Historical and Theoretical Perspectives on Religion and Capitalism

Document Type

Book Chapter

Publication Date



Political Science



Publication Title

Religious Activism in the Global Economy: Promoting, Reforming, or Resisting Neoliberal Globalization


This chapter will discuss the questions of sovereignty, secularization, and capitalism from a historical and theoretical perspective to complement the introduction that was more focused on the current debate in international relations (IR). Here we want to locate the IR debate within research in international political economy (IPE) and historical sociology as well as new research on secularization. In doing so, the chapter challenges the Eurocentric bias of much contemporary social science research. Too often it has been assumed that what was perceived to have happened in Europe could be universalized as a general process of human development. To understand modernity, state formation, the rise of capitalism, and the decline of religion from a European perspective was to know it everywhere. Yet, as this chapter argues, too often social scientists got it wrong, misled by the same "propaganda of the victors" as can be seen at work in the history of nineteenth-century Europe, where "the victors appeared to be rationalism, political economy, utilitarianism, science, liberalism" (Thompson 1993, xiv). Today it is increasingly clear that Europe was not the harbinger of things to come, but, rather, the exception (Casanova 2012).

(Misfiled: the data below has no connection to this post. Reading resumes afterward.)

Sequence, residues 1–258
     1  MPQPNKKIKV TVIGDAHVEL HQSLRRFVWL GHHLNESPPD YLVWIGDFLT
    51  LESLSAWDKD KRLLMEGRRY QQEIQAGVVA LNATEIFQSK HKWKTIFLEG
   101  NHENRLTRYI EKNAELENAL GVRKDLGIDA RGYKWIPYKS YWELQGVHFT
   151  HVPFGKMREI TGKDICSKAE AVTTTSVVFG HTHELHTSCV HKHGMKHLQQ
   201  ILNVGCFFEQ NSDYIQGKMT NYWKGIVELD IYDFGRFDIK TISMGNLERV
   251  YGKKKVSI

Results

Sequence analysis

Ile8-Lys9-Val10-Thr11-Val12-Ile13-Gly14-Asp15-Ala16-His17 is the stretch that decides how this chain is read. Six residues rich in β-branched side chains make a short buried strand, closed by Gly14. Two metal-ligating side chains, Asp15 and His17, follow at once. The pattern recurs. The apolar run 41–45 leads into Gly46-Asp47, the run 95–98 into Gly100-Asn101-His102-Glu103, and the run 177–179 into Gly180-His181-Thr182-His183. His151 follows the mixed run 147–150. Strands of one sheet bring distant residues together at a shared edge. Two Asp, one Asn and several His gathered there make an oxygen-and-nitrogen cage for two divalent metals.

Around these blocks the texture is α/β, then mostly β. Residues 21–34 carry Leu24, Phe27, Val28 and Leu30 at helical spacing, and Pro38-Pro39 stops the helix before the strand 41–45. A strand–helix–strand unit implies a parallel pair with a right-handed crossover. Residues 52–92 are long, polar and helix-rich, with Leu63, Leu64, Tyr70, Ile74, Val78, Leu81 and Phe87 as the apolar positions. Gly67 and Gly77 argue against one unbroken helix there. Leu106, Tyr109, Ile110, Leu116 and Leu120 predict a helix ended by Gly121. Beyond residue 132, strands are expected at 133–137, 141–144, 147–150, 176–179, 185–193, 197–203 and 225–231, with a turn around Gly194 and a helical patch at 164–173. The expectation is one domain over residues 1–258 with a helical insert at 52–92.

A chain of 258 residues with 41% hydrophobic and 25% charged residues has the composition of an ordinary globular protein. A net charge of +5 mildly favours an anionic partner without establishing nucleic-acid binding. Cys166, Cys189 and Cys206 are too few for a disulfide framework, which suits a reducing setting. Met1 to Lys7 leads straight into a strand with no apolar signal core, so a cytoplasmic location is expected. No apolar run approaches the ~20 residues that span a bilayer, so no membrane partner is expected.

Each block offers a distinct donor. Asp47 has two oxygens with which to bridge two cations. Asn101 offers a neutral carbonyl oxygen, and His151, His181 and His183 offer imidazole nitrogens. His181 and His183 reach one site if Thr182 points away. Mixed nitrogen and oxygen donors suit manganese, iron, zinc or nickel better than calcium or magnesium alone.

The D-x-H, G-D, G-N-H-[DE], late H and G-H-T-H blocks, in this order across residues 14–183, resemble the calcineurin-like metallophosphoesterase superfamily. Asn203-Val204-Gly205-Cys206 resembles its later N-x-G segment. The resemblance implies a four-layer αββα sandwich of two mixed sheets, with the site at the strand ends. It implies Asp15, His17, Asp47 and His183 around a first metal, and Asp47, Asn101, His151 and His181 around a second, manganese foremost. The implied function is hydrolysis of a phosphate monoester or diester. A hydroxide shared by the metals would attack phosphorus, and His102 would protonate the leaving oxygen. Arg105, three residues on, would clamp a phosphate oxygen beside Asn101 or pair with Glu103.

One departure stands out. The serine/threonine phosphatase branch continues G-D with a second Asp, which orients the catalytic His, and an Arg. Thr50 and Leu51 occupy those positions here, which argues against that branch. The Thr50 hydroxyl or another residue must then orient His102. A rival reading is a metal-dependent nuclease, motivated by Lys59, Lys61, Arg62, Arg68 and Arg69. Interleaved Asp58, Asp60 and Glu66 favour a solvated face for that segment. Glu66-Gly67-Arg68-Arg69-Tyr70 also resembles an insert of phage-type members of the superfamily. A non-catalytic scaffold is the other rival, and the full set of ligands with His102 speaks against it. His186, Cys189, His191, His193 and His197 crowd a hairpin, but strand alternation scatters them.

In the first section, we highlight the limitations of the "Westphalian presumption" that is the usual starting point for the debate on religion in IR. In the second section, we argue that the "return" of "religion" can be more fruitfully understood by developing a differentiated understanding of secularization that gives room for religious activists and also provides a framework for their role in the public sphere. Lastly, the chapter calls for another look at both Weber's Eurocentric interpretation of the origin and development of capitalism and Marx's understanding of religion as a "theory of this world." The goal of the chapter is to highlight that the uncritical acceptance of traditional interpretations in the debate on religion has impoverished our understanding of the possible role of religious movements in IR and IPE. The chapter is an invitation to a debate. We hope it will, along with the chapters that follow, provide a good starting point for further reflection and conversation.


For more information on the published version, visit Rowman and Littlefield's Website.

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